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pr-tourocom.jpgBy Kibkabé Araya The Touro College of Osteopathic Medicine celebrated its grand opening Monday at the Apollo Theater in Harlem. The college, which is the first medical school to open in New York State in the last 30 years, aims to help underprivileged communities such as Harlem banish health disparities. “The mission is to increase the number of under-represented minorities in medicine, and to also find non-minorities who want to serve a community like Harlem,” Dr. Martin Diamond, dean of the college, said.

Jazz music lured the business-casual dressed guests into the theater. Parents, faculty, and colleagues were there to support the class of 2011, who will become osteopathic physicians in a few years. During the opening ceremony, the current students walked into the theater hand in hand with kindergartners adorned in lab coats. Part of the goal of the college is to reach out to Harlem children and get them involved in medicine at a young age by sending medical students to elementary and middle schools to discuss the benefits of a career in medicine. Touro College also implemented a seven-year program to recruit diligent high school students with a B+ grade point average and SAT scores of 1700. These students will be awarded scholarships and financial aid to study medicine after graduating high school. Only 135 students earned a spot in the class of 2011 out of 1800 people who applied to the program. Many students said they applied because they wanted to serve their community.

“I think it is very important, and I’m honored to be in a place to learn and serve the community at the same time, and hopefully having this school in the community will bring good things to the community,” said Bunmi Olarewaju, a Nigerian-born New Jersey resident, who said he wants to be a doctor to improve health conditions among minorities.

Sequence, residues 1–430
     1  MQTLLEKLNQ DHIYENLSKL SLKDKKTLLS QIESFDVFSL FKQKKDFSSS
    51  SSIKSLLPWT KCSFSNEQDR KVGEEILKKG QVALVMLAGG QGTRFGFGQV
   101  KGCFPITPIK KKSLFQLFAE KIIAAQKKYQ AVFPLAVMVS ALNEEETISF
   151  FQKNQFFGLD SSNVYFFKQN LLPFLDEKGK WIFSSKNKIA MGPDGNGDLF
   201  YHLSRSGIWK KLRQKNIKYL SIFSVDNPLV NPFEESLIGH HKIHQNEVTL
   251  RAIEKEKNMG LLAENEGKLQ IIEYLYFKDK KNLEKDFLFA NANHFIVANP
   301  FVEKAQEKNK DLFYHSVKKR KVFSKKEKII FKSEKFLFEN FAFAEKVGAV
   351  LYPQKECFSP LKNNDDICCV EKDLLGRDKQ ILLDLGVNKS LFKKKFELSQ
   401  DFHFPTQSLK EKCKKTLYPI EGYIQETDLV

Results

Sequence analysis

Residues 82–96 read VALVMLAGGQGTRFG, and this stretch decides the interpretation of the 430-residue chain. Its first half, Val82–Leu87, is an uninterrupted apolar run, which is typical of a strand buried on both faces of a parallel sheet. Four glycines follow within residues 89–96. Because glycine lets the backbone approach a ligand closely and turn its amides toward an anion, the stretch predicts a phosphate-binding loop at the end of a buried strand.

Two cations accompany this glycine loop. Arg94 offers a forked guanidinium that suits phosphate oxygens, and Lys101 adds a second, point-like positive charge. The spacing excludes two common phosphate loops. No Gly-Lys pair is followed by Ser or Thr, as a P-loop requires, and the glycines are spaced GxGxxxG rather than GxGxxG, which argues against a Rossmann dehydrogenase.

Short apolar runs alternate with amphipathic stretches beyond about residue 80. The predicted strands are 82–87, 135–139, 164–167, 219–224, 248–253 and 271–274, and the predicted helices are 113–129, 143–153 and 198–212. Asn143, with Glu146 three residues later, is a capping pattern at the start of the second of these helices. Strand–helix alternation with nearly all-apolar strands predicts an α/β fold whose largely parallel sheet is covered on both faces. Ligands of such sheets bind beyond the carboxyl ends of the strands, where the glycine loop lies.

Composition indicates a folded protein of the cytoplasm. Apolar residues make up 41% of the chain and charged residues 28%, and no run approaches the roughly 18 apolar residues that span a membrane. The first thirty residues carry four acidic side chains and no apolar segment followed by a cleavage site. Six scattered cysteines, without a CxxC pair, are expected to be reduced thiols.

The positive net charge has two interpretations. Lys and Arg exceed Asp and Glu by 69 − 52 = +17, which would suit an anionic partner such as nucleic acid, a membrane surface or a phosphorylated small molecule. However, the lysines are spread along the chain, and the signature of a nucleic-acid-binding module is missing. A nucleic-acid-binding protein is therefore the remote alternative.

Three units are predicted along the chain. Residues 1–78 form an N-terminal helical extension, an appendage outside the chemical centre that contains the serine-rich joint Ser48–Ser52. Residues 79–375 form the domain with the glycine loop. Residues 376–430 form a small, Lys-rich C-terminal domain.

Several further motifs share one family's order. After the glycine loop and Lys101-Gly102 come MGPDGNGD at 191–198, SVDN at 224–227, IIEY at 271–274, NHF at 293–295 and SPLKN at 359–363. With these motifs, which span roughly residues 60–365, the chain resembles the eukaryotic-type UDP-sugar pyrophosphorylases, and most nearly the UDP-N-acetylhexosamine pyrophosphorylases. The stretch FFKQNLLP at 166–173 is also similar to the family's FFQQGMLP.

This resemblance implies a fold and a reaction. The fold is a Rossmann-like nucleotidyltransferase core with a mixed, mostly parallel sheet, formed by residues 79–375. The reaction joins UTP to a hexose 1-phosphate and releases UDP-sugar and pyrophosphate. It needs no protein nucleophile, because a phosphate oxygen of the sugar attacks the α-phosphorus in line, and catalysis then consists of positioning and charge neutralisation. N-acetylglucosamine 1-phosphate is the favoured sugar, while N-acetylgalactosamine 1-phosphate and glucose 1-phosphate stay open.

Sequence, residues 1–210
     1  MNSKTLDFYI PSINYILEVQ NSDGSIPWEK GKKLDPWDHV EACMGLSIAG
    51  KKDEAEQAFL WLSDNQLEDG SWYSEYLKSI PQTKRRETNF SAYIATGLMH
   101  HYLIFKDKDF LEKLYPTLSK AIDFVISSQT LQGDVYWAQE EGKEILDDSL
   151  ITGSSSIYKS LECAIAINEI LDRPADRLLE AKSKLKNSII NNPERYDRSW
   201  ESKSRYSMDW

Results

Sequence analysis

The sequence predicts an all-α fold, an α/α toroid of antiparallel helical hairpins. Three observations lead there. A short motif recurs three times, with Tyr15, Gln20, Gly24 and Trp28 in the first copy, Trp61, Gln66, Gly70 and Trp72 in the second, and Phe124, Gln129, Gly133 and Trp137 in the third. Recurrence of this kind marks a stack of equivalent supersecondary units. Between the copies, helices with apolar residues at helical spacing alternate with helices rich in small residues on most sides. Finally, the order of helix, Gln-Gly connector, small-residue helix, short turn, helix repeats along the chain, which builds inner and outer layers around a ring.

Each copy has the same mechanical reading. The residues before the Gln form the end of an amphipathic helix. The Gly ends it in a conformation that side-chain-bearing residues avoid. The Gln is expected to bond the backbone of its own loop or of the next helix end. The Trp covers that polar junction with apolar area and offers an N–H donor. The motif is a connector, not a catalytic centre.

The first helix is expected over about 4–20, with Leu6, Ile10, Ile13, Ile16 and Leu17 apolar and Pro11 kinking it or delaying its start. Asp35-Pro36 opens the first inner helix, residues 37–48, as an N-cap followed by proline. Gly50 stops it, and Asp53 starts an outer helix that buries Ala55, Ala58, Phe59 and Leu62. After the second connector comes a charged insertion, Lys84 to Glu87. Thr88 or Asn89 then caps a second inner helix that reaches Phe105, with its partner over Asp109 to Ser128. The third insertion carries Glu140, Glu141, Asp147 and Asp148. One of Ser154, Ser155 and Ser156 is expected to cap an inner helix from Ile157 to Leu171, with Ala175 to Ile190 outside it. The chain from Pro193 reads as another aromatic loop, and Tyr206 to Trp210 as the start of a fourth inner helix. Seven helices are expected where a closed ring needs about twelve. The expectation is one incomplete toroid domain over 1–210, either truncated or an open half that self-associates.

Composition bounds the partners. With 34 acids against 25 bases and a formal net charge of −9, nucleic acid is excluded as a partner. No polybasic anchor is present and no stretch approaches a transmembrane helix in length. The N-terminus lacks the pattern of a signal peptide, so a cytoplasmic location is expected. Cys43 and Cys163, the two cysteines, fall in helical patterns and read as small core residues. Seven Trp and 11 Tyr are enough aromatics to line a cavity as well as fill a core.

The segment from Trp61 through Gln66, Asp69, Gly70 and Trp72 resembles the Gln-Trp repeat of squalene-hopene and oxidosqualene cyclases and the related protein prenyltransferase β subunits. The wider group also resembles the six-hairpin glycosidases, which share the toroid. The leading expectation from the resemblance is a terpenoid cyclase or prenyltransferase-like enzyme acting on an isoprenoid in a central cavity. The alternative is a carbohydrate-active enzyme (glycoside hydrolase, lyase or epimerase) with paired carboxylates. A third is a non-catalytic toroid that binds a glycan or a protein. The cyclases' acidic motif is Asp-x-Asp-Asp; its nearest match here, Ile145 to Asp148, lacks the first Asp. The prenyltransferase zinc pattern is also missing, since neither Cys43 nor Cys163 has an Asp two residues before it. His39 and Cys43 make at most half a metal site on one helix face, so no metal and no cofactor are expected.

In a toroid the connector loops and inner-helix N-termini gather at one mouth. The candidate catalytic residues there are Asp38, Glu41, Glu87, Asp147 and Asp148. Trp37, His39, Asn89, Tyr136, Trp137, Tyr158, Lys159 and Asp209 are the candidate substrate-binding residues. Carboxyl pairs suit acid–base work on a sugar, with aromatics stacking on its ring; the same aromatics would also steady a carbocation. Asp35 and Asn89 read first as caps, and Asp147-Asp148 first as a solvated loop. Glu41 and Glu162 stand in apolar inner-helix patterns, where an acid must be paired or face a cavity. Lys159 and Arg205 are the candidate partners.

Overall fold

Congressman Charlie Rangel (D-Harlem) and Dr. Muriel Petioni—a 93-year-old African American female physician—were both in attendance. Both received awards from the Touro College administration for their long-term achievements in helping minorities receive better health care.

“I am excited about having a medical school here in Harlem, but I am even more excited about having an African American medical school who is committed to serving the under-served, and also committed to recruiting under-represented minorities, and also equally excited about supporting them in the community,” said Dr. Bruce Peters, clinical dean of the college, who relocated his family from Kansas City to join the school.

Siatta Dunbar, an incoming student, said she believes that being in Harlem will serve as a great resource for students going for a medical degree.

“I think as part of our mission, part of our job is to learn the humanities behind medicine. And I think being in Harlem, we really need to capitalize on the humanities for reaching out into the community, to service the community, and be educated on it, which is the infinite importance,” Dunbar said.

“We’re here to stimulate the community and stimulate the young people to study science, and eventually qualify for medical school,” Diamond said.

Source: Columbia Spectator

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